Mountain gorilla conservation through research has perpetually been the key foundation for the continual survival and increase in the number of mountain gorillas within Bwindi Impenetrable National Park of Uganda and the Virunga Massif (comprising of Volcanoes National Park of Rwanda, Mgahinga National Park of Uganda and Virunga National Park of the Democratic Republic of Congo). These creatures are listed under IUCN’s Red List of Critically endangered species because their survival was/is threatened by different human activities (hunting and encroachment) and also human diseases like Ebola, flue and cough. It is therefore through research that the Mountain gorilla numbers have increased over the past years, where 786 were estimated to be in 2010, 880 individuals in 2012 and today their number is estimated to be more than 880 mountain gorillas. Of all the 13 habituated gorilla groups/families in Uganda (12 families that call the jungles of Bwindi Impenetrable National Park home and only one gorilla family found in Mgahinga National park), one group named the “Kyaguriro gorilla family” was set aside for research purposes to help in the conservation of these critically endangered mountain gorillas in Uganda. This group provided to the apprehension of the ecology and social behavior of Mountain gorillas in Bwindi Impenetrable National Park because of the focus of the research on the group by the Max Planck Institute of Evolutionary Anthropology from 1998. The Group promoted the predicament of the critically endangered mountain gorillas around the globe by being filmed for a number of documentary films including those by the BBC.
Much as it is a group reserved for research purposes, it is full or drama, which makes it one of the most interesting of all the groups in Bwindi National park. The group is found within the Ruhija sector (Eastern part of the Park) and can only be tracked when the demand for gorilla permits goes high. The other two habituated gorilla groups within Ruhija sector include Oruzogo and Bitukura gorillas groups. The Kyaguriro group was habituated in 1999 and during that time, the leader of the group was the elderly silverback-Zeus who was named after the Greek god because at that time he was the “Lord and Master’ of all the mountain gorillas within the family. However, his reign was cut short when his rival Rukina took over power leading to his banishment from the family into the forest, and Zeus later died in exile (because the fate of the dethroned tyrants whether humans and beasts is the same, death in exile).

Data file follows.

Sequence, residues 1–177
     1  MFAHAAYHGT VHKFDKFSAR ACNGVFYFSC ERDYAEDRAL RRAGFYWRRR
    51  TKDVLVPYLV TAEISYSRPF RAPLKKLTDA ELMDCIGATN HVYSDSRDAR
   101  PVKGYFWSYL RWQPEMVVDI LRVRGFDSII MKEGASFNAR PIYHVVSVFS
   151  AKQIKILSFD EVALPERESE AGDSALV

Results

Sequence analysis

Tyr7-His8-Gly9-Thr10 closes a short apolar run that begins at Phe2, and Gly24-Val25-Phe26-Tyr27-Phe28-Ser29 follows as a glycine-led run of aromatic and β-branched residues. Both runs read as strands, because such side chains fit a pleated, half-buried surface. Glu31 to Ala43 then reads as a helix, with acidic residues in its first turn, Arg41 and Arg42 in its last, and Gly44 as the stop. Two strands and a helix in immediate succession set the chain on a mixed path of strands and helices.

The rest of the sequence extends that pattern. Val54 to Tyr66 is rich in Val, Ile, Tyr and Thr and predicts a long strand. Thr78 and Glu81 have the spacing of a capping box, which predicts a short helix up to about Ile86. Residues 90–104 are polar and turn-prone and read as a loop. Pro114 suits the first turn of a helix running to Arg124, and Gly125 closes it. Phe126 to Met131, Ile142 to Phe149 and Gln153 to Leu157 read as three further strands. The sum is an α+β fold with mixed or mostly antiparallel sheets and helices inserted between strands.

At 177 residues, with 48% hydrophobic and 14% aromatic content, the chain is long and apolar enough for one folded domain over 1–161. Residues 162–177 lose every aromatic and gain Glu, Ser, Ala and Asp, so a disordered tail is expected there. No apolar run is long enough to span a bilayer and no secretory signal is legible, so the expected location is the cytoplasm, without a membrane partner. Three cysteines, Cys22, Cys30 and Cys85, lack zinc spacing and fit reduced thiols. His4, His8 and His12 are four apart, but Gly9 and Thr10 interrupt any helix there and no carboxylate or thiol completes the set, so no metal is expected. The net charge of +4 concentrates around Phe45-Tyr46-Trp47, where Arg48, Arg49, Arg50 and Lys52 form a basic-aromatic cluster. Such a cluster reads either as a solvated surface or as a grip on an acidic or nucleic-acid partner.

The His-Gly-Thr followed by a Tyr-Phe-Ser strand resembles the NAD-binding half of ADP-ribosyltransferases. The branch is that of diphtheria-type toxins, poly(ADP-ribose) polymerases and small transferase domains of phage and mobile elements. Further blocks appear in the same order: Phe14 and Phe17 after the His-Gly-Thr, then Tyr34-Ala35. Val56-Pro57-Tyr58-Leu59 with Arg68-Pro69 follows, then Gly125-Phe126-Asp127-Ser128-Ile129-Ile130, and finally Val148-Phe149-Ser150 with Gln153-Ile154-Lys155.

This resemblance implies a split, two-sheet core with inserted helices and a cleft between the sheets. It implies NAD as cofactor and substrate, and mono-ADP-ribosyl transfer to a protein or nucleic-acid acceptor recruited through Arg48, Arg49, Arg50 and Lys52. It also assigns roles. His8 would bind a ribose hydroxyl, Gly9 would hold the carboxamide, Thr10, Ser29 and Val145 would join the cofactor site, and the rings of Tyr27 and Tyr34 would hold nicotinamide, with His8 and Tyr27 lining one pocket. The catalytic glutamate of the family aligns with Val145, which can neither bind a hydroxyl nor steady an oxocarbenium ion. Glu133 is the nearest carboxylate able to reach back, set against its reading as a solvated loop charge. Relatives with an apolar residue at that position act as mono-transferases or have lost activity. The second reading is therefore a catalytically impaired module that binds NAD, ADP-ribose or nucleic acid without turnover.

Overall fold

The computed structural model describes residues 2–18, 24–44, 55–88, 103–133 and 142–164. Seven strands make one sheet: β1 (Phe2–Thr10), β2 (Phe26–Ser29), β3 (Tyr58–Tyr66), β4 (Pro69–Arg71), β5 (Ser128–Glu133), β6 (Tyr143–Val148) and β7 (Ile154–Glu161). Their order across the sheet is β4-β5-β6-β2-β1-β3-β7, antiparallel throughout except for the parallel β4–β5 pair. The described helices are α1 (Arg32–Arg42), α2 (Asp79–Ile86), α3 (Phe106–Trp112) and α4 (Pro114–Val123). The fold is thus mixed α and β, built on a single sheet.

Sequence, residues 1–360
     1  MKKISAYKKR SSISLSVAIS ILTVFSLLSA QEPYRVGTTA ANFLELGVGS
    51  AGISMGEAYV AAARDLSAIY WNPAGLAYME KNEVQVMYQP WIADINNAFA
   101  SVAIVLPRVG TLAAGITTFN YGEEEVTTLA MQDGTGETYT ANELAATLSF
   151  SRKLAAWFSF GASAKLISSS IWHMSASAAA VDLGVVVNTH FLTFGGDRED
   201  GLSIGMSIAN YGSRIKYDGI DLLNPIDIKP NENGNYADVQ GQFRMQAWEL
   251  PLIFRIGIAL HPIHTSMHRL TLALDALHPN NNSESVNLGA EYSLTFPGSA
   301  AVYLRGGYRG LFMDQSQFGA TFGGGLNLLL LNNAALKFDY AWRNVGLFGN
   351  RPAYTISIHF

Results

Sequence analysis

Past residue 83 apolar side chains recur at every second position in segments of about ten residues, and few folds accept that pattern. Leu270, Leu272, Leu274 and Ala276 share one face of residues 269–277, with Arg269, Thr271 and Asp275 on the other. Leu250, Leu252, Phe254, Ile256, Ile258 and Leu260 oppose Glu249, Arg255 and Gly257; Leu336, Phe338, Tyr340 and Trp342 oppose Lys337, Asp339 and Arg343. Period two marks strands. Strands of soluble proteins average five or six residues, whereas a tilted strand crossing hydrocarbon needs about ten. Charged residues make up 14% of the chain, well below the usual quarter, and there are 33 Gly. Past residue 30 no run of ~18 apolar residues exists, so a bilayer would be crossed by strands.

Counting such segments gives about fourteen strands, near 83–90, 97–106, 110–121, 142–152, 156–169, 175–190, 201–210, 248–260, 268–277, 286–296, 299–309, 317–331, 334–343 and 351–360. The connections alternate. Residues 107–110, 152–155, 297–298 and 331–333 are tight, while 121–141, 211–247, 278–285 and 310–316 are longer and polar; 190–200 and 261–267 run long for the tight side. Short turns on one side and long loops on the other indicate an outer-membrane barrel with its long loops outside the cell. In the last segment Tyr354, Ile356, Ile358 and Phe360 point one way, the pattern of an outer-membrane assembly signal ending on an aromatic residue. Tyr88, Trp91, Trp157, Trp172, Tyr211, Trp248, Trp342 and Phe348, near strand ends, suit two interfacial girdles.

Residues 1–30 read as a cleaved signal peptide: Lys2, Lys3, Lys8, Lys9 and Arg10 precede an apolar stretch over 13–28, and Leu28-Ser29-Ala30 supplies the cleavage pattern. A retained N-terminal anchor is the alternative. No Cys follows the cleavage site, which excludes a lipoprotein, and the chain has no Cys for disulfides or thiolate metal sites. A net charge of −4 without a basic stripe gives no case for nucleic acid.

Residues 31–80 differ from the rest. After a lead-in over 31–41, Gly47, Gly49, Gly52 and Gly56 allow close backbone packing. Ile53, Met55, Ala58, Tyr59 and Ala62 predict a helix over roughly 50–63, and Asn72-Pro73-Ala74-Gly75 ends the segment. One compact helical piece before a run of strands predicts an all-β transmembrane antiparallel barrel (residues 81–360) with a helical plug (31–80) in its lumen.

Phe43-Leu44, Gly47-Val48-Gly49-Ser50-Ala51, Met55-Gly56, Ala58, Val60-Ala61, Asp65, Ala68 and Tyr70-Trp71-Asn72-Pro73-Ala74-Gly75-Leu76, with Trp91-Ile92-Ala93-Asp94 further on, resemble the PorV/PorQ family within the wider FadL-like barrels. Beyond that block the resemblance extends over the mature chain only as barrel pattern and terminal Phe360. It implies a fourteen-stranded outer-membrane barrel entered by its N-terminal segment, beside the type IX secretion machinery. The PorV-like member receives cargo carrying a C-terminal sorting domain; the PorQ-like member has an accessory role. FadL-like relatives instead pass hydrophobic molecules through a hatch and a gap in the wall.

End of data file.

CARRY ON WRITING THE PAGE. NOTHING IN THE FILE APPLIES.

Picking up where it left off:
Rukina (meaning “playful” in Rukiga because of his playful nature when he was still young), was born in around 1984 and became popular in the 1990s as a young brilliant Silverback. He took over power from silverback Zeus in August 2004 after three years’ struggle, making him the leader of the family until 2015 (during Easter season) when he died. Through the genetic analysis of his fecal samples, it was discovered that he fathered his first offsprings in 2002 when he was still an underling male. In total he is believed to have fathered 10 offsprings during his 11 year tenure as the governing silverback. During his time as the leader, he tried to expand the family through luring four adult females into the family from other neighboring gorilla families, corroborating to his ability as a good leader. Rukina was considered a very open-minded leader, spent much of his time with the adult females in addition to his numerous offsprings/infants. At the time this adorable silverback died, the family was at its peak size comprising of 21 members including 8 Adult females. The group is currently led by Silverback Rukara but from the time of Rukina’s death, there was /and there is still instability in the family up to today and there is speculation that the group is soon splitting (resulting from wrangles between Silverback Rukara and another Silverback named Mukiza). Let’s watch this space for more drama and what comes out of these conflicts.
In conclusion, Its a must interesting adventure to go on a Uganda Gorilla Safari specifically to visit this group. Kyaguriro research gorilla group is one of the most interesting gorilla groups in Bwindi Impenetrable National Park because of the drama that surrounds the group but most importantly because it is a foundation for studying and understanding Mountain gorilla behavior within this Park. It